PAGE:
Why ultra-luxe hotel brands are moving resorts into the city

Why ultra-luxe hotel brands are moving resorts into the city

Urban landscapes are the new relaxation hotspots favoured by luxe hotel brands over exotic resorts.

Following the path beaten by high-end boutique names such as Como and Aman, a handful of ultra-luxe hospitality brands better known for their far-flung retreats are opening hotels in cities. Six Senses, for example, is set to open in Singapore this month. Says its president Bernhard Bohnenberger of the decision: “Our guests may be able to visit the resorts only once or twice a year. But in cities where they live or frequently visit, we can bring our wellness experience to them on a daily basis.”

Set in the Duxton area, in a series of restored shophouses sandwiched between nightlife spots, the oriental- style hotel offers a wellness programme with a local twist. Here, guests can find a resident doctor practising traditional Chinese medicine, along with a medicinal herb dispensary. A more comprehensive programme with spa treatments adapted to Singapore’s weather, and healthier food menus, will be available in June, when a larger, tropical-themed Six Senses hotel opens in Maxwell.

Capella, meanwhile, opened its first urban resort in Asia last September. Capella Shanghai Jian Ye Li is a restored townhouse complex that reflects the oriental and Parisian styles of 1930s Shanghai. Located on the edge of the city’s business district, the sprawling resort offers an anachronistic respite from the city’s glass and concrete structures, with its lush gardens and spas. For wellness, its 24-hour fitness centre is equipped with a sensory deprivation tank and a salt-wall lounge for detoxification.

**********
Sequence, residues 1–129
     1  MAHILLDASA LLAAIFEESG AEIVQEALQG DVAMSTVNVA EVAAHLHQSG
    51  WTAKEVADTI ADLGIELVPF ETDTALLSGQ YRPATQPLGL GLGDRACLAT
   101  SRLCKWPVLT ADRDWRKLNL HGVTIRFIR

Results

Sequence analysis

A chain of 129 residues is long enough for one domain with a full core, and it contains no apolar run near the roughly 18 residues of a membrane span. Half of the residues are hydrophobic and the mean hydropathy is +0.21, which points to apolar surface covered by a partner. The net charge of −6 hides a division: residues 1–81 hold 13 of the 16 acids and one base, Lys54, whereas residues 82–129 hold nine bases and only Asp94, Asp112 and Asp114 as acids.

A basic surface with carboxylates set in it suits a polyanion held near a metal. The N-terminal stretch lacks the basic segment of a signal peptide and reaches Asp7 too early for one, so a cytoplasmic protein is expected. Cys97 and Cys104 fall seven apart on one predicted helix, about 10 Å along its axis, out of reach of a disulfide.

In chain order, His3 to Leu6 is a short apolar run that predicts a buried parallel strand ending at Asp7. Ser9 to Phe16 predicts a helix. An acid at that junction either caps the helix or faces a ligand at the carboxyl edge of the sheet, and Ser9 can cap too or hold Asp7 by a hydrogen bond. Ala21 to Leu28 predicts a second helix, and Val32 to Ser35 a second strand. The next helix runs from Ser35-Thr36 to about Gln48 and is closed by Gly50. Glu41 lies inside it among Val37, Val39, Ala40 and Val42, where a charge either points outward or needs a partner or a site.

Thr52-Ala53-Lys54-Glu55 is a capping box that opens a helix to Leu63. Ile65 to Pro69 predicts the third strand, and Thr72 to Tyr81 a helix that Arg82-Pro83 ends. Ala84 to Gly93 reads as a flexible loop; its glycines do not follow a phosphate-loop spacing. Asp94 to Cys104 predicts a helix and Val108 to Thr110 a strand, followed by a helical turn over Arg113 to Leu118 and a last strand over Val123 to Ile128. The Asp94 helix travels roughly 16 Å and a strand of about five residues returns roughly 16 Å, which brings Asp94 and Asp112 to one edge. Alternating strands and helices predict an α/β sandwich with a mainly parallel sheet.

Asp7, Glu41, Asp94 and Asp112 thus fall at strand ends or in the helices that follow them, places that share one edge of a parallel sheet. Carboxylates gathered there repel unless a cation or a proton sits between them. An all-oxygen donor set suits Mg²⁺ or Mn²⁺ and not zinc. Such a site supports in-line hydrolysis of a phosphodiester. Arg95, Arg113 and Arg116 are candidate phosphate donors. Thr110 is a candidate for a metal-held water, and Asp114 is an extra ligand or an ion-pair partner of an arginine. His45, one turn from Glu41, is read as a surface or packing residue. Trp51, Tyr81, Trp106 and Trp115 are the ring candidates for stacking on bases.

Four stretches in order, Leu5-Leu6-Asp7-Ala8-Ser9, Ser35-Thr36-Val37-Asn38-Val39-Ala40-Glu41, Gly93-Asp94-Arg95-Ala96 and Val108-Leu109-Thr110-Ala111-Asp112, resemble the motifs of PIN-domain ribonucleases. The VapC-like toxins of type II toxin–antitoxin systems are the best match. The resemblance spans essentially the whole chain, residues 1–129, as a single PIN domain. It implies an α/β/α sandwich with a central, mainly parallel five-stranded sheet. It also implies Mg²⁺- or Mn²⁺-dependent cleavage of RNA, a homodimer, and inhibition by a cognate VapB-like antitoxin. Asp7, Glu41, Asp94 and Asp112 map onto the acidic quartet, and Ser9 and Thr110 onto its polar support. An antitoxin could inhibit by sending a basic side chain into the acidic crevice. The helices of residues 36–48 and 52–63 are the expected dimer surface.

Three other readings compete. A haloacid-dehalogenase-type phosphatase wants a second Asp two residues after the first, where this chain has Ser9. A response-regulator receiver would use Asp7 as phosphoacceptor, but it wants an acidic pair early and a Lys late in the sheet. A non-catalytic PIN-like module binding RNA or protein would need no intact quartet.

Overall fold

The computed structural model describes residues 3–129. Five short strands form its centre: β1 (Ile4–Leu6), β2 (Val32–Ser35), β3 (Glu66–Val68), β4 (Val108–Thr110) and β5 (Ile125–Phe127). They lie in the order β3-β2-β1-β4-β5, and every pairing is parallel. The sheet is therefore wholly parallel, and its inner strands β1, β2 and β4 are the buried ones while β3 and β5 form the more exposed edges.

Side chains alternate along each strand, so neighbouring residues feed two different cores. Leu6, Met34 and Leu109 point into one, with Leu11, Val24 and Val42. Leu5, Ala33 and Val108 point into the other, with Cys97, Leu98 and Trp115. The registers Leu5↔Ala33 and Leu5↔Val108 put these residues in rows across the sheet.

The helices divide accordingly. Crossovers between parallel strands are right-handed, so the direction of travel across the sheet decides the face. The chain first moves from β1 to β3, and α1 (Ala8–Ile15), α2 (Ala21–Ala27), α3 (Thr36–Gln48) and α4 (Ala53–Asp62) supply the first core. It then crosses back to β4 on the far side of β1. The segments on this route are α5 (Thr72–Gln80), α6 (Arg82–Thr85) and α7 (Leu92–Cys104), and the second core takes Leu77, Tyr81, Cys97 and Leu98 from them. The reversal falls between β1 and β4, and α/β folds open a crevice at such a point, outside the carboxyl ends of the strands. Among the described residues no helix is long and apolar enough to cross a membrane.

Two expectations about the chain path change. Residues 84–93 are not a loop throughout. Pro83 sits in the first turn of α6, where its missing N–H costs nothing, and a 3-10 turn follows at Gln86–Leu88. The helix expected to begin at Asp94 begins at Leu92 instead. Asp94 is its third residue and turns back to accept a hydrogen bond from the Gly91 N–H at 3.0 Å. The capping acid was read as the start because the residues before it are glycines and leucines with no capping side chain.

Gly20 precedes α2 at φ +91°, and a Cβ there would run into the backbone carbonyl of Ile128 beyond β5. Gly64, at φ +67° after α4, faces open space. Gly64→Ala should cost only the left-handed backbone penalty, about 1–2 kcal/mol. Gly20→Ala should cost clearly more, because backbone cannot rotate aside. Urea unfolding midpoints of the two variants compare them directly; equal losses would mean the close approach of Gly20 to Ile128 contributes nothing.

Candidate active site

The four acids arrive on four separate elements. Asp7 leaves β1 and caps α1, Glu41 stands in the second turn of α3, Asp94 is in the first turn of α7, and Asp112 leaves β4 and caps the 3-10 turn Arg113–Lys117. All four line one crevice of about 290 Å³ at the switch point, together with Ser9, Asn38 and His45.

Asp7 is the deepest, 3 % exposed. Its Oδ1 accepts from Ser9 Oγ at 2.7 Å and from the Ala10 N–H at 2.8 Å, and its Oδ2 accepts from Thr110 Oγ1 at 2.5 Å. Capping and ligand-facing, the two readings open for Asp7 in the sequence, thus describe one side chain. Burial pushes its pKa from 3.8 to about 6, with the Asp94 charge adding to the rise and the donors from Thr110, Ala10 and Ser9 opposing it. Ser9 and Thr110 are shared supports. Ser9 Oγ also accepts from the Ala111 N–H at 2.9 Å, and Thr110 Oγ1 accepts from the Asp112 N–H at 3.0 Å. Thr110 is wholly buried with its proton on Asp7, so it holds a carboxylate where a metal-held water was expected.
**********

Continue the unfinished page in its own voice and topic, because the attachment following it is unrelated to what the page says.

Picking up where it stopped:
In Cambodia, Rosewood goes vertical, with the first city hotel in its expansion into South-east Asia. Situated in the top 14 floors of the 39-storey Vattanac Capital Tower, the highest building in Cambodia’s capital city of Phnom Penh, the urban resort is in stark contrast to the concrete jungle around the area. The hotel sees travertine walls, dark timber furnishings, ceramic sculptures and artefacts, and lots of natural light; think a modern Angkor temple with panoramic views of the city.

“We wanted to present a contemporary mansion concept,” says managing director Daniel Grau. “From the moment they arrive at the lobby, our guests will feel the warm atmosphere of our surroundings and panoramic views of the city.”

The best of both worlds, then.


Where to find these resorts and what to do there, in a nutshell.

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Known for its exotic locales, Six Senses brings its health programmes and clean cuisine to a South-east Asian city. Traditional Chinese medicine, in the form of a resident doctor and dispensary, is available at its Duxton location and, when its sister hotel opens in Maxwell, guests can enjoy 24K gold facials along with the regular staples of massage.

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